Either A) She isn't actually a hardcore gamer and is trying to critique something that she doesn't really understand fully and hasn't spent enough time looking at the individual universes or B ) There's just no winning. On one hand she's being critical of the stereotypical damsel in distress (Read: Princess Peach) and also lambasting the women in video games who are actually hardcore badasses that are going and doing what needs to be done. It makes me wonder, "What the fuck does she actually want women to be portrayed as and is there no winning in this shit?"

I could post more, but I won't for now. Because I actually want to play video games not just talk about them.

This post has been edited by Zularim on Jun 12 2012, 07:19 PM

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Abotu
Posted: Jun 12 2012, 08:29 PM


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I spent some time checking out that kickstarter page. She pointed out in one of her posts there that this video series hasn't even been made yet and people are already criticizing it. I think that's the main thing to keep in mind here, especially before you get mad at her choice of characters. Maybe not every character is as bad as the giggling kickboxing bimbos in Dead or Alive, but that doesn't mean she can't voice specific concerns about them. Feminist theory can be complicated stuff; it's not always a cut and dried case of good character / bad character. Give the lady a chance to share her thoughts before deciding she's wrong or unqualified. It looks to me like she's trying to research this topic very thoroughly.
 
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Khatja
Posted: Jun 12 2012, 10:05 PM


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QUOTE
I think things simply won't change because the people that are the target audience for the big games just plain don't give a shit. Does the average CoD customer give two shits about the spread of stereotypes for either gender?

What makes you think she's attempting to address the people least likely to listen to her? There are plenty of people who just haven't thought about these things, or haven't thought about them much, who could benefit from these kinds of discussions. And yeah, some of those people actually are CoD players.

QUOTE
From their perspective it's a matter of "If it ain't broke, don't fix it."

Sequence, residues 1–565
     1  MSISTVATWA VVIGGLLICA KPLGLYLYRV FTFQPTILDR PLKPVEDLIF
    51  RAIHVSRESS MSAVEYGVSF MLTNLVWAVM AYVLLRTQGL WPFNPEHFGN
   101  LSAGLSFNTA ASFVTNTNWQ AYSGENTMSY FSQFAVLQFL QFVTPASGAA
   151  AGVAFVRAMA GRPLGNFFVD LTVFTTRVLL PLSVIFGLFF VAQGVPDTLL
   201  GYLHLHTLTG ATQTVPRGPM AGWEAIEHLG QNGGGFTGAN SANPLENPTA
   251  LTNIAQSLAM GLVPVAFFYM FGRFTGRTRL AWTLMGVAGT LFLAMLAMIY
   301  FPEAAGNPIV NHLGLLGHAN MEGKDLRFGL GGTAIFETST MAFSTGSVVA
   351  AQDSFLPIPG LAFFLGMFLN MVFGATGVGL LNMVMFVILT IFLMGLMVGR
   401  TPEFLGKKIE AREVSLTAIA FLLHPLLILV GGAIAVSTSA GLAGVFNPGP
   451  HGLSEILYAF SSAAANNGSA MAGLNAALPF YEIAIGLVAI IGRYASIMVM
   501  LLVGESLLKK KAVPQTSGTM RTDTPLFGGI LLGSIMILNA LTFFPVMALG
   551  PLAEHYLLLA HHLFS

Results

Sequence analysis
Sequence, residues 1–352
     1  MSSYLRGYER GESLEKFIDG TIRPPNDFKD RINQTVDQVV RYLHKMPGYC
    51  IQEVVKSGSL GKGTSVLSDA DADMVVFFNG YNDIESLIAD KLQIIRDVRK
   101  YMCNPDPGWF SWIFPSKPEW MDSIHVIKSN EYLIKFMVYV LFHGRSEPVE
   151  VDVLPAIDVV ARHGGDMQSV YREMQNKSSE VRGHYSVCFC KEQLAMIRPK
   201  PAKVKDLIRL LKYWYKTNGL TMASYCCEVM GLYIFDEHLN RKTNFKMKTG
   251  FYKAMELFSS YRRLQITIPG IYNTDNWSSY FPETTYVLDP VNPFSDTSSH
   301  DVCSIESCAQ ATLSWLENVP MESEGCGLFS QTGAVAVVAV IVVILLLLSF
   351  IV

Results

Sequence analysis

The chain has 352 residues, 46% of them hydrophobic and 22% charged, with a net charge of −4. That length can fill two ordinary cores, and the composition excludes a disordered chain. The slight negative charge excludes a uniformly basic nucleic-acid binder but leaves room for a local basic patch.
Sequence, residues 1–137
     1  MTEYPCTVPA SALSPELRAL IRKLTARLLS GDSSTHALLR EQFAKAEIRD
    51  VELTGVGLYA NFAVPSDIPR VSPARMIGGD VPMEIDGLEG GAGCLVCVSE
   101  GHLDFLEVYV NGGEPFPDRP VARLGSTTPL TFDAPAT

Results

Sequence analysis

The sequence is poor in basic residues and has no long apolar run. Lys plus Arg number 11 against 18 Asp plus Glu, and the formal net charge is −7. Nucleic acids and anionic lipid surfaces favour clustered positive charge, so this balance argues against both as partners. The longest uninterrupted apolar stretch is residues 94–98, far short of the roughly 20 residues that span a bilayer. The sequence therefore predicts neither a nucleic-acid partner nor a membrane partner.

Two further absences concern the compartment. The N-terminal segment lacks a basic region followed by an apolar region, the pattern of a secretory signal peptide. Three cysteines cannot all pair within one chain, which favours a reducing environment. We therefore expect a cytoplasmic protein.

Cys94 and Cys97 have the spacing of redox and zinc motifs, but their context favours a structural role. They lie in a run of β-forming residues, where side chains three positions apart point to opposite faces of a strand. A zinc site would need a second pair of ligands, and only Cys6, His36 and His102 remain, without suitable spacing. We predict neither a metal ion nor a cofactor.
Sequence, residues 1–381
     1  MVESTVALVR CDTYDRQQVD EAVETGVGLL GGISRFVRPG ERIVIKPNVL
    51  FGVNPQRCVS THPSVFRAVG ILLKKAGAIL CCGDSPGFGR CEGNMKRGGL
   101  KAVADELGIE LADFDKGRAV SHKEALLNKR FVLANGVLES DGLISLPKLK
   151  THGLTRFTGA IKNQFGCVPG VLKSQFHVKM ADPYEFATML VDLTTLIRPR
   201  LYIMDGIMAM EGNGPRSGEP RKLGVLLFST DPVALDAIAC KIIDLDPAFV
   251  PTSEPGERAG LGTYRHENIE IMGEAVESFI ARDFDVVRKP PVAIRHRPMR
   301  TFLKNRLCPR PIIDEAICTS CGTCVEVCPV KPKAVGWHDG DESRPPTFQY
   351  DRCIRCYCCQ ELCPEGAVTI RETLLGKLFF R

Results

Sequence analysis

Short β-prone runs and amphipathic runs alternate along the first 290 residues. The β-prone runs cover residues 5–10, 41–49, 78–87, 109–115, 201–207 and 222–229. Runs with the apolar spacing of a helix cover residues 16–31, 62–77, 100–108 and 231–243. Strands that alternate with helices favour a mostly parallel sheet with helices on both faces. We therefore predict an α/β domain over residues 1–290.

Exactly, which is why it's so important to bring up the topics we feel should be addressed and explain to others why we think game developers could do better. They aren't going to change what they're doing unless we give them a reason to change.

QUOTE
I also read some of the youtube comments she is quoting as "Trolling" or "Flaming. Some of them are actually presenting a halfway decent counterargument and she's making it seem like it's not by putting it on the same page as the assholes that are calling her things that actually ARE sexist.

She posted an unedited screenshot. One of her comments is also in that screenshot, and I don't think that she's trying to make it seem like she herself is not making a decent statement. Also, keep in mind that there's a difference between disagreeing with someone, and stating that they're wrong and you're right, without allowing any room for discussion, and I would consider the latter "trolling", personally. For example, from that screenshot:

"While I'm interested in seeing the video, I don't see why you need $6,000 to make it. But they've already donated almost $24,000, so I won't worry about it."

vs

"Who the fuck needs 6K to make review videos? Why are you so special?"

Both are touching upon the same subject, which is one that's fine to discuss, but the second one is obviously by someone who's intending to insult, and not to ask a genuine question, or even to simply state an opinion, as the first does.

QUOTE
the actual verbage used in the kickstarter video as well as the proposed idea is what is causing the divide